Shamima Begum may have committed heinous acts, but she was then a fifteen year old girl failed by the British state. She is now a twenty-one year old woman who has been failed by the British state once more... [Revoking citizenship] deprives someone of their home and their family,  forcing them into a country that they do not know, and that does not want to know them. 


Having read pretty much everything on this ISIS convert [see post below this one for details and update] who now wants to go back to England, I conclude that everyone and everything failed her. Not just the state. Her parents failed her. Her school failed her. Her acquaintances who groomed her failed her. The men who trafficked her (yes, some defenders go so far as to claim this — with no evidence) failed her. The culture of infatuation and romance failed her, making her vulnerable — innocent and lovesick — to the groomers.

A British man who went to Syria to fight against ISIS writes:

She was fifteen [when she joined ISIS]. When I was fifteen I knew rape, murder, and kidnapping were wrong. There’s no indication that she has any remorse or that she’s any less dangerous.

Oh but he’s a guy! Fifteen year old girls are moral idiots, I guess. And they’re certainly too idiotic for us even to begin to imagine that rather than having been failed by everyone, they simply read ISIS literature, watched ISIS videos, thought about it, and made an ideological commitment to its goals. You can read – as UD has – scads of opinion pieces about Begum and you’ll never encounter that claim – that this A-student (apparently Begum was a gifted student) read, understood, and so fervently agreed with one particular form of fundamentalist Islam that she made a considered, life-altering commitment to it. (It reminds ol’ UD of the fate of fascism. Apparently no one was ever a fascist – no one ever absorbed the tenets of fascism, liked them, and became a committed fascist. The fault lay with the state, or history, or coercion, or the church, or charismatic leaders…)

Funny, though. Here’s Begum’s own take on the matter:

Ms Begum said she made the choice to go to Syria and could make her own decisions, despite being only 15 at the time. She said she was partly inspired by videos of fighters beheading hostages…

Although Patrick Cockburn, unsurprisingly, comes to conclusions about the Begum problem very different from mine, he is more scathing than I in his description of her moral responsibility and depravity.


[Revoking citizenship] deprives someone of their home and their family,  forcing them into a country that they do not know, and that does not want to know them. 

Strange thing to say. Begum broke – exultantly – with her home and family; she willingly went to a state – the Islamic State – that very much wanted her.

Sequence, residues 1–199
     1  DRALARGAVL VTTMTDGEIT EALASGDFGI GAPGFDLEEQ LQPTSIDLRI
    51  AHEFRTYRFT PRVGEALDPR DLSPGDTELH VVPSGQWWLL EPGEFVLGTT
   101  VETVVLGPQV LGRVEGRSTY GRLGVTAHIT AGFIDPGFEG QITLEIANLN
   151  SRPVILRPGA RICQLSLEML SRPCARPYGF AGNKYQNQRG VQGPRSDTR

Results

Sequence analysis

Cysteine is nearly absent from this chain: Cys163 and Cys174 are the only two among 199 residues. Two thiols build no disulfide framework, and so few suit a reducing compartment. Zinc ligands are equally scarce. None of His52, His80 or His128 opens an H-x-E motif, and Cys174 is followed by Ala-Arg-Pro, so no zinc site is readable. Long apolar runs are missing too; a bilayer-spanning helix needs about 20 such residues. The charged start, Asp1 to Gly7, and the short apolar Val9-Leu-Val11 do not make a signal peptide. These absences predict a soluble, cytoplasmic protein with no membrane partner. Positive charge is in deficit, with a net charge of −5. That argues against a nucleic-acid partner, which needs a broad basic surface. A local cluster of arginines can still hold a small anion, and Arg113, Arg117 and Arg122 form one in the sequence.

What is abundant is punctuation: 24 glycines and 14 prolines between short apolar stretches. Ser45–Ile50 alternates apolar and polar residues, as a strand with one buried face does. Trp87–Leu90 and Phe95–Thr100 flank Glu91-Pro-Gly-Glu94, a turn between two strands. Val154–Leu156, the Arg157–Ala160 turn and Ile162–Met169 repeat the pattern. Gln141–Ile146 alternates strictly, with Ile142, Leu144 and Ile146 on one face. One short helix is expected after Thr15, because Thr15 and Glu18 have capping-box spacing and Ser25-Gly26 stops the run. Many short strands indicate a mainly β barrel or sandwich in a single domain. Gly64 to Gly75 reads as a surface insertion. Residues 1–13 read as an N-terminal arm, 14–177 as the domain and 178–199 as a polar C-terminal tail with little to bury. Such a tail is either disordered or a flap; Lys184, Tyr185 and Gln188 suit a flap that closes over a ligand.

Maybe it mainly wanted her womb – she was there, as she has subsequently noted, to be knocked up as often as possible. This was fine with her – to act as a caliphate-womb, to be “married,” instantly, on arrival, to some random fighter and start having babies. Fine too were the abuse of Yazidi slaves, the sewing of human bomb vests, and the witnessing of beheadings. All in a day’s work. All in service to an ideal.

Look. Shamima Begum has a state. At the moment, it is reconstituting itself. When it is strong and stable enough, it will send for her. Maybe she will decide – as she decided with England – to break with that state. Then she will have to start looking for a third one.

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2 Responses to “Les Girls!”

  1. Greg Says:

    This is what judges do every day, at least within their sentencing discretion. They balance an offender’s interests as a human being, and the sympathetic aspects of their story of offending, against the risks, straightforward and also quite indirect to everyone else, of leniency.* I think I’m with you on the right outcome here, though I’d always like to know more. For a sentencing judge, time never stops for exploration of all. A god would know, but I’ve never seen one walking around. Sadly I think she loses her citizenship in my courtroom. But the uncertainties of making that decision would stalk me. So I couldn’t be a sentencing judge.

    *I’m leaving out the retributive aspects of just punishment. Prevention of harm is mainly what drives me, but in some cases an element of retribution seems right. Can I articulate rules for when this is so. No. Sometimes an explanation of how something happened mitigates a lot. Sometimes not. I don’t care much about how Trump became Trump, or to take an even worse case for now, anything about how largely deterministic physics, psychology etc. led to Pol Pot.

  2. Margaret Soltan Says:

    Greg: As you say, sometimes knowing more – the exploration of all, as you put it – makes things worse for the person in question. It’s quite possible that if you delved deeper into Begum’s intellect/circumstances, you’d find that she – well, why not take her word for it – was “partly inspired by videos of fighters beheading hostages.”

    Knowing more about Richard Loeb’s motivation at age 18 for killing Bobby Franks allows you to know that the intellectual curiosity of this brilliant, precocious Univ. of Chicago student simply moved in the direction of wondering what it would be like to kill someone.

    People like Begum and Loeb are the reason we have the phrase You don’t want to go there.

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